This is, however, not what troubles me most about Parnell’s review. I think he’s skirting the real issues. I will mention two.
The first concerns his discussion of the biblical narratives presented in Malestrom. Despite his agreements, Parnell rejects and at time even ridicules the use of biblical narratives discussed in Malestrom, describing them as “slanted caricatures of biblical figures,” a statement he bolsters by caricaturing them himself when he lifts statements out of context that create misperceptions of the power and richness of these redemptive stories. For example, he trivializes the father wound as “daddy issues.” That remark undoubtedly strikes close to home, for the intense and sometimes debilitating struggles plenty of men (women too) suffer because of a distant, missing, or abusive father is undoubtedly present in surprising numbers within the congregation he pastors.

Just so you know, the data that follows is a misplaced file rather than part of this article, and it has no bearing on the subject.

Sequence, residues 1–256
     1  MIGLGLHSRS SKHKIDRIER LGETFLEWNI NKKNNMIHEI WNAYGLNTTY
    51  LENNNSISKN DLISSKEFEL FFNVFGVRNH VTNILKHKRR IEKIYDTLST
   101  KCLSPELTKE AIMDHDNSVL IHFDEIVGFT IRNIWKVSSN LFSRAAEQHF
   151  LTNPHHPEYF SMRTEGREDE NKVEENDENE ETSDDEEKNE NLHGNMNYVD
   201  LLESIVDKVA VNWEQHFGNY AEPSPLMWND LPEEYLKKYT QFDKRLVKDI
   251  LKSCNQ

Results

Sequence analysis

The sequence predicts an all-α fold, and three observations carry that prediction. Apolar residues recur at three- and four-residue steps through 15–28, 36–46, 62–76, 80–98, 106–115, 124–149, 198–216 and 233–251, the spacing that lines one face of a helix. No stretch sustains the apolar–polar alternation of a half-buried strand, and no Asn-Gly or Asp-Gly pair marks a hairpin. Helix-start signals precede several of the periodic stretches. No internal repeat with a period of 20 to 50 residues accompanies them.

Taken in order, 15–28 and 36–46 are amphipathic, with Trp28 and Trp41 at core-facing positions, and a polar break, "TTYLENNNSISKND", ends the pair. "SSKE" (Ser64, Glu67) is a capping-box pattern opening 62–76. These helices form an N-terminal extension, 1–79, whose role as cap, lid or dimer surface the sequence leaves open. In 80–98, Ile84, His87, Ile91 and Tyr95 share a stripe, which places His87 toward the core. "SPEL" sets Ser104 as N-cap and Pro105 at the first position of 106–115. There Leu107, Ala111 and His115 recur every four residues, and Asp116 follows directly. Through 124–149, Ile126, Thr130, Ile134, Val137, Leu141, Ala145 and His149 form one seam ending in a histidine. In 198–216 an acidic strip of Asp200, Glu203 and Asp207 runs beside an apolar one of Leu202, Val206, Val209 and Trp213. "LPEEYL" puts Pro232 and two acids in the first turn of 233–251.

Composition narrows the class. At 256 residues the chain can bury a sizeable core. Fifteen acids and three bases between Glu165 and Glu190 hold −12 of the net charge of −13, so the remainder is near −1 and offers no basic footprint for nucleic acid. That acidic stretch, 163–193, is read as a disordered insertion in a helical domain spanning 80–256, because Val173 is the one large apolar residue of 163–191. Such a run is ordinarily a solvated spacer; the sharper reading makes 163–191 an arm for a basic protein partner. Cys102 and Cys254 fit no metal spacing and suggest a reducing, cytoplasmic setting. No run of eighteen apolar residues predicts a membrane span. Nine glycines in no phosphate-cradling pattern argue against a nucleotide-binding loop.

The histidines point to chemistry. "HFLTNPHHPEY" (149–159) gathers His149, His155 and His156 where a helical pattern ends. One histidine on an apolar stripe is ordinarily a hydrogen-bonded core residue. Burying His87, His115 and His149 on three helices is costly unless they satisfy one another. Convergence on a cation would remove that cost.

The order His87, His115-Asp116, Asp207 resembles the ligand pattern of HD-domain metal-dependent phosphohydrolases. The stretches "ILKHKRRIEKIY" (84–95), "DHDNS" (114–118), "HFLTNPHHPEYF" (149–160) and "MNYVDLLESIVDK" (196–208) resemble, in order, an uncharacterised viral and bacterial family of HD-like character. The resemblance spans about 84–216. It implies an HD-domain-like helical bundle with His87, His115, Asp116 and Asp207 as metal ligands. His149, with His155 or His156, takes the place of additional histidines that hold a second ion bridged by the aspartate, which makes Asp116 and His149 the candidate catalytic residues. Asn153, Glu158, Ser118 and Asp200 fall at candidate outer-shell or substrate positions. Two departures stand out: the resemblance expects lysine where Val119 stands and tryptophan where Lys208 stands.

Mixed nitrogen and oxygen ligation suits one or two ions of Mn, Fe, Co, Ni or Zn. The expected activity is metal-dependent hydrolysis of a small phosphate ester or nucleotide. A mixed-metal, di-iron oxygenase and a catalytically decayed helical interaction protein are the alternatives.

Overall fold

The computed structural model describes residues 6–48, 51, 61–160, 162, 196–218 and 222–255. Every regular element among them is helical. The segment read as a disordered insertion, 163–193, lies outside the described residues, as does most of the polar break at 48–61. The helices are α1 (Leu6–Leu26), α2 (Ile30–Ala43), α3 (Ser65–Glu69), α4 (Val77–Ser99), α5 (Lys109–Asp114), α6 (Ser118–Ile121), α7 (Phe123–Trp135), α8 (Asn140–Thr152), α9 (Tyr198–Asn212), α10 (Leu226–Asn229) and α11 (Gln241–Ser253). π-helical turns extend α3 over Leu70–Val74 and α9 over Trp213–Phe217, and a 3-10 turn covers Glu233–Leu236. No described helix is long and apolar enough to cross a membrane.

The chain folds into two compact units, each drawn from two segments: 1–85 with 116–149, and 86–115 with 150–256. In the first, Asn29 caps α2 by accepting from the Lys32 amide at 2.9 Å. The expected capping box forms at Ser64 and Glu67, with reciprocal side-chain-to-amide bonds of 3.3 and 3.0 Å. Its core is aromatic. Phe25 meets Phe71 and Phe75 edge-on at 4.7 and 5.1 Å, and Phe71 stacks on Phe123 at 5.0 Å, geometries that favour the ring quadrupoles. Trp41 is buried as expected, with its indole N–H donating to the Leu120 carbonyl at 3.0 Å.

But more concerning is his statement that “The preoccupation with character-studies, in my opinion, is risky in any case. It can often lead the writer (or speaker) to go beyond the biblical text to emphasize minute details and speculations that the biblical author didn’t intend.”